Her plainspokenness may just be her personality, or the result of the years she spent studying and practicing Buddhism, starting at Bard College in New York. Part of it may be the insulation of privilege. Kean grew up in New York, as one of four children. She graduated from Spence, a private all-girls school on the Upper East Side. None of her siblings are interested in her passions (in addition to writing about UFOs, Kean took four years to write Surviving Death: A Journalist Investigates Evidence for an Afterlife). But they’re supportive, she said.
At Bard, she initially majored in classical guitar; after two years, she switched her major to biology. Whatever the origins, that patrician staidness has served her well during her dogged investigations.
After the French report, it took years for Kean to get up to speed. She had to track down sources, and the learning curve to differentiate those who were credible from those who were not was steep.
“I did press conferences, and I filed a lawsuit against Nasa [to obtain information about a 1965 sighting of a car-sized object crashing from the sky in Kecksburg, Pennsylvania]. I was really, really working on bringing UFOs seriously into the mainstream. And I did that a lot,” she said in a follow-up conversation from her New York apartment this week.
“I didn’t have an issue with people ridiculing me. Because the way I reported on this, it just didn’t invite ridicule. I didn’t do the weird sensationalistic conspiratorial stuff, I just did stuff like what’s in my book – very straightforward, good sources.”
Along the way, she allied with people who had the clout to help her further her research. She eventually connected with John Podesta, Bill Clinton’s chief of staff and an eventual adviser to Barack Obama, and an avid booster of UFO research.
In 2007, Kean and James Fox, the director of the documentary The Phenomenon, arranged a briefing in which high-ranking military officials and government personnel discussed close encounters with UFOs. Each of the 14 speakers only had five minutes to tell their stories, so Kean got the idea to have them each write their own accounts and turn it into a book, which became the 2010 bestselling UFOs: Generals, Pilots and Government Officials Go on the Record. In it, she argued for a central clearing house to collect information about UFOs (Podesta wrote the forward, but declined to comment for this article.)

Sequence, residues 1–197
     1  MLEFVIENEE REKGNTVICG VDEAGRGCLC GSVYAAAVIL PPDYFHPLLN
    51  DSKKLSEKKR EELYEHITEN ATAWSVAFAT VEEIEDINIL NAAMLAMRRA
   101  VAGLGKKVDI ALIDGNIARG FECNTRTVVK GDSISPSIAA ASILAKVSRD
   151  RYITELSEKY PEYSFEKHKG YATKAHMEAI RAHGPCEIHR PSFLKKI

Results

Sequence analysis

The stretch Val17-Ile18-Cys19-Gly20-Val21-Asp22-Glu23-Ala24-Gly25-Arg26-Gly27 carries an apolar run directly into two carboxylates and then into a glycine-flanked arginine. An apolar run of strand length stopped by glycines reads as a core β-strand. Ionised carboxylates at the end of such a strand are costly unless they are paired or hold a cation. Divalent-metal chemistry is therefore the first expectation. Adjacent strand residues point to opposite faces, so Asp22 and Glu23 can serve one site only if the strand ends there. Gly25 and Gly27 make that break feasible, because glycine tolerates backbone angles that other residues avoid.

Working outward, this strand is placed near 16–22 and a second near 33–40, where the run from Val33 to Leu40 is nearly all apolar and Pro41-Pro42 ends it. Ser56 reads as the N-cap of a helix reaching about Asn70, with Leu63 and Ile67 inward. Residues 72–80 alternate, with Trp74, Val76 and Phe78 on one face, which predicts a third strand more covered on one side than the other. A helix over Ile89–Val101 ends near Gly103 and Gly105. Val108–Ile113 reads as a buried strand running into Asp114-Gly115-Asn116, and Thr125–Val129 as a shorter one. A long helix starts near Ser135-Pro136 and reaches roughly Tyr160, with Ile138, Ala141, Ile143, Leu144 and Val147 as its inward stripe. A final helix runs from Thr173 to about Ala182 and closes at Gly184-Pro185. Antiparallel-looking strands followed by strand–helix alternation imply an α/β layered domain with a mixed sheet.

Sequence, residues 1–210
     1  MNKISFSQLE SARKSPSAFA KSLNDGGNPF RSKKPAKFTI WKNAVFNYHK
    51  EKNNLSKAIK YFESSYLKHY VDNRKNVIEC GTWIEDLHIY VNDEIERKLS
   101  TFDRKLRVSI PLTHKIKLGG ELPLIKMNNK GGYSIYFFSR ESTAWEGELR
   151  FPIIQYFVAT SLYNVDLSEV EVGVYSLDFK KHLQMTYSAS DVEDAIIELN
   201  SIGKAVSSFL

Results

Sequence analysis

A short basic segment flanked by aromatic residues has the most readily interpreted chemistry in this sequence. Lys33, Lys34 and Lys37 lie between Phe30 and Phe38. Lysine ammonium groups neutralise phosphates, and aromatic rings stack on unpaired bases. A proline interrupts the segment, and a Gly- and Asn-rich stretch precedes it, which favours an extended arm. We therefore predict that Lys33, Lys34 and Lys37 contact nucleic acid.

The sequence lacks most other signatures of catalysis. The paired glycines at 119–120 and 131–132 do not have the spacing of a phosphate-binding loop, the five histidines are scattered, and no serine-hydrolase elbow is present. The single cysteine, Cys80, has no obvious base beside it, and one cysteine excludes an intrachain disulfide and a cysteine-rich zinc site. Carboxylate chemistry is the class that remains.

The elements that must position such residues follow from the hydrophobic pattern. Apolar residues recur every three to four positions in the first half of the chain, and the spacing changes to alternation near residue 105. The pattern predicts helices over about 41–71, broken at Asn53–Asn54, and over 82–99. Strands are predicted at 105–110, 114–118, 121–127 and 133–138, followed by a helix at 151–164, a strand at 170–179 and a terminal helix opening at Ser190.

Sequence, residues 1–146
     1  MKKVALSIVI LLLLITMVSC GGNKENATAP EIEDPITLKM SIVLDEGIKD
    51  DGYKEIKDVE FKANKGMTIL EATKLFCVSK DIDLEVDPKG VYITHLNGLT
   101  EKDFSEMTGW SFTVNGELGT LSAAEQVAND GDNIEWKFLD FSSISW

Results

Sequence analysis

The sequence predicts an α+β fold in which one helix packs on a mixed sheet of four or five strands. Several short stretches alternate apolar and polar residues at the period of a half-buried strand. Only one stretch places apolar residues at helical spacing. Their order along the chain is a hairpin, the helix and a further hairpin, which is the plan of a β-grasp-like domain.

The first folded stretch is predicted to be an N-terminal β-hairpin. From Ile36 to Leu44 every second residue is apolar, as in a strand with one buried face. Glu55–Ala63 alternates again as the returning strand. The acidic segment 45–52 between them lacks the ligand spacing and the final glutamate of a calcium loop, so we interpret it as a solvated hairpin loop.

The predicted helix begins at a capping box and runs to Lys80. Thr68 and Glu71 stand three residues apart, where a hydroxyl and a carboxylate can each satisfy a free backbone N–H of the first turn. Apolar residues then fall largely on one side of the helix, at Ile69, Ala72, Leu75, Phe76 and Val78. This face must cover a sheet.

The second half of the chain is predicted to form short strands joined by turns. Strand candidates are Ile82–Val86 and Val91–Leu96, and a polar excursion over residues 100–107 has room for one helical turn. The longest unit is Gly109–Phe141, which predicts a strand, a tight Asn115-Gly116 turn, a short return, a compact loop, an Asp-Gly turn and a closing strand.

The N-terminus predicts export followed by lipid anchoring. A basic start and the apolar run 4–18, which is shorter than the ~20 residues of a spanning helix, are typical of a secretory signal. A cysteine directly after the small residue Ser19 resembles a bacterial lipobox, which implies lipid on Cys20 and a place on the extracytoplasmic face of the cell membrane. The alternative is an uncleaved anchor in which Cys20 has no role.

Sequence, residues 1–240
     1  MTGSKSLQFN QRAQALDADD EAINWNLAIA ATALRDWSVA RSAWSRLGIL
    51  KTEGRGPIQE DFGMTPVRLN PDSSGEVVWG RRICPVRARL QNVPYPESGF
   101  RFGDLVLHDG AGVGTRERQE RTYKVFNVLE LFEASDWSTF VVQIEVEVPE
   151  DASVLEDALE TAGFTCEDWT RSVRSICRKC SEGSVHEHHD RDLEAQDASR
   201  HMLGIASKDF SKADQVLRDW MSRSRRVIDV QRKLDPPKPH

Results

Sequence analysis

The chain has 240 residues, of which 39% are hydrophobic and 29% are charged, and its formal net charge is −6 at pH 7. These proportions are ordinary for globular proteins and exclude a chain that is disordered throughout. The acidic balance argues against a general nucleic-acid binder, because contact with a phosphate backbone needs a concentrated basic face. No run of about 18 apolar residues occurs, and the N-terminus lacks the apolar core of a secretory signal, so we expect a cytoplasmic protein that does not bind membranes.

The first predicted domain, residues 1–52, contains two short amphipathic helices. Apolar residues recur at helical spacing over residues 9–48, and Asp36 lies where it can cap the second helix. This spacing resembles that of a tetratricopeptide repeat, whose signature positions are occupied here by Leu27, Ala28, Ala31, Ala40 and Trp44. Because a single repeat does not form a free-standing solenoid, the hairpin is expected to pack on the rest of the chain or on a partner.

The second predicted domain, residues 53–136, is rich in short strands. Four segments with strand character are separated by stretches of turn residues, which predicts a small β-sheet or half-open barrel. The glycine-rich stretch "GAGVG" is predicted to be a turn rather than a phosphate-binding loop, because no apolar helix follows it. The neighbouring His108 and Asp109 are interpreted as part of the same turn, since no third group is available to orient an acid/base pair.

Kean’s biggest breakthrough came in 2017, when she was invited by a longtime source to meet with Luis “Lue” Elizondo on the day he resigned as the director of a clandestine Pentagon program that collected information about UFOs, the shadowy Advanced Aerospace Threat Identification Program (AATIP).
Essentially, he revealed the very program she had lobbied for.
Kean teamed up with Ralph Blumenthal and Helene Cooper to write up her scoop for the New York Times, Glowing Auras and ‘Black Money’: The Pentagon’s Mysterious UFO Program. The story revealed the existence of AATIP from 2007 to 2012, funded by an initiative from the former Senate majority leader Harry Reid and fellow Senators Ted Stevens and Daniel Inouye.
Reid is an unabashed fan of Kean’s. He has read all of her books and credits her, at least in part, for the shifting cultural acceptance of UFOs. “She’s a sensational journalist and is an exceptional talent. She writes, it appears, with her heart. She gives me the idea that she means what she says,” Reid said.
The publication of that story changed everything, Kean said. “I’ve been on this journey. I’ve been so rewarded by seeing the way things have changed since 2017.”
Since then, she has written on the subject for the New York Times, been fielding interviews herself, and worked on more documentary projects. In 2018, director Lasse Hallstrom and producer Laura Bickford announced they were making a movie based on Kean’s UFO book. In May, HBO Max signed on.